Just a mile down the road, the next site tour was on the property of Ivan Strable. The 20-acre Bur Oak savanna has undergone two consecutive years of burning because of thick woody vegetation such as multi-floral rose, honeysuckle and honey locust trees that grew after cattle were pulled off the land. In the summer of 2012 the landowners used “hack and squirt” treatment for the invasive woody plants. During the winter aggressive thinning was done with chainsaws. Travis Strable explained that the area was burned following the thinning but the honeysuckle was so thick that it suppressed the fire. The area was burned a second time in 2013 with more success.

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The restoration at the Ivan Strable land shows a transition from big bluestem grass-dominated field to oak savanna

Funding for the winter thinning was through SIOSA and all other management was at landowner’s cost. Strable hopes to get funding through REAP for a third burn. No seeds were planted in this restoration and therefore the native prairie plants that have come back are from natural response to the management. Travis shared that a management technique used to give the native plants an advantage and set back the Brome Grass, a cool-season competitor, was to spray the Brome in late fall after a hard frost while the Brome is still green and when the native plants are dormant.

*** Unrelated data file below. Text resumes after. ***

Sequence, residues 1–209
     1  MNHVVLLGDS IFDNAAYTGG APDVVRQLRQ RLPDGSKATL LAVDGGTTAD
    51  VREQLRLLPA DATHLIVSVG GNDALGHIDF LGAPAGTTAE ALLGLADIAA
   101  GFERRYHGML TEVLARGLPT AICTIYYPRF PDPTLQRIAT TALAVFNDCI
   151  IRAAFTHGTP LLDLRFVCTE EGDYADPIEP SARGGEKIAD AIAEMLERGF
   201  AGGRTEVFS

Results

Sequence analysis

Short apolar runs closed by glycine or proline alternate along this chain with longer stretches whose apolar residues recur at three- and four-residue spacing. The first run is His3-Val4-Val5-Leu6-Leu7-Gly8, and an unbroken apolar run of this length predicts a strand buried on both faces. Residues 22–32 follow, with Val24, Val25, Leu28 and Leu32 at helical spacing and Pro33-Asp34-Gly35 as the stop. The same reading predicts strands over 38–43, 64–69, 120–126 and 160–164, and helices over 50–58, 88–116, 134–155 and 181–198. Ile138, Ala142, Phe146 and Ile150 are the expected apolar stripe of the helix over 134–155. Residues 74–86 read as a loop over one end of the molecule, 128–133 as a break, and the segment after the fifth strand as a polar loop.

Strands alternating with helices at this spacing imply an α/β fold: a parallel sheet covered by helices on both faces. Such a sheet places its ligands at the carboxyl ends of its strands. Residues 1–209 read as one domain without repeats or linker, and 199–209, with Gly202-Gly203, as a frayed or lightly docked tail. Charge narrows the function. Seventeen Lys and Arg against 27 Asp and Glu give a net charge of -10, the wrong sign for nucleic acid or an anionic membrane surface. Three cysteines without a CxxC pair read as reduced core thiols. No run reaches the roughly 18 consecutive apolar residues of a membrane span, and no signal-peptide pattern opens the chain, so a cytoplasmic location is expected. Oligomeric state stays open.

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A line of White Oaks and carpet of Goldenrod at 8-acre Johnny Strable farm

An 8-acre White Oak savanna along Interstate-35 owned by Johnny Strable was the last tour for the morning. The Big Bluestem grew thick in this prairie remnant that had been mowed annually previous to 2012 and then was thinned in December 2012. Burns were done in 2013 and 2014. A third burn is planned with possible funding from REAP. SIOSA funds were used for the thinning on this native remnant as well.

Participants touring the J. Strable oak savanna. The life of this sprawling White Oak will be cut short when the tree is felled as part of the I-35 expansion work

 The life of this sprawling White Oak will be cut short when the tree is felled as part of the I-35 expansion work

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Sunday, June 22, 2014 @ 01:06 PM